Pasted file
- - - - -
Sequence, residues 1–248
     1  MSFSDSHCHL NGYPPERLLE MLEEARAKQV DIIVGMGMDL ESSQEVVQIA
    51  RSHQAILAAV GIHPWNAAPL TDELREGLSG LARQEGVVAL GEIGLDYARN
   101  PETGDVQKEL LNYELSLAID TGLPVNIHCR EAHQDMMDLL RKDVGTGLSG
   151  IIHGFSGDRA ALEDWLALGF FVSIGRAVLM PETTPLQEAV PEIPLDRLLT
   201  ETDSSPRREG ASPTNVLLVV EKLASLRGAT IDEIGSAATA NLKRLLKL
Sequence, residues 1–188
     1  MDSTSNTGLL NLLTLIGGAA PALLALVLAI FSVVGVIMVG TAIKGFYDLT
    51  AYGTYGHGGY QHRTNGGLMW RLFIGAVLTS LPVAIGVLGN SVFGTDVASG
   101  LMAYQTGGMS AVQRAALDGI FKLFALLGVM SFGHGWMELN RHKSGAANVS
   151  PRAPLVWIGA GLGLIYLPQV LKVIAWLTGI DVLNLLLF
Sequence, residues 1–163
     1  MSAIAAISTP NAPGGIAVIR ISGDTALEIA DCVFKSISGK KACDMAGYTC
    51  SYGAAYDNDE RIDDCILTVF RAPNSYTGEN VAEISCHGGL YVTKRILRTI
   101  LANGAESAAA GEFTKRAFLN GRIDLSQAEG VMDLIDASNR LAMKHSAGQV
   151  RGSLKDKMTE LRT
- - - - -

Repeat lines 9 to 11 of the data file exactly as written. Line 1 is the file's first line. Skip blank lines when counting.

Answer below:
    51  AYGTYGHGGY QHRTNGGLMW RLFIGAVLTS LPVAIGVLGN SVFGTDVASG
   101  LMAYQTGGMS AVQRAALDGI FKLFALLGVM SFGHGWMELN RHKSGAANVS
   151  PRAPLVWIGA GLGLIYLPQV LKVIAWLTGI DVLNLLLF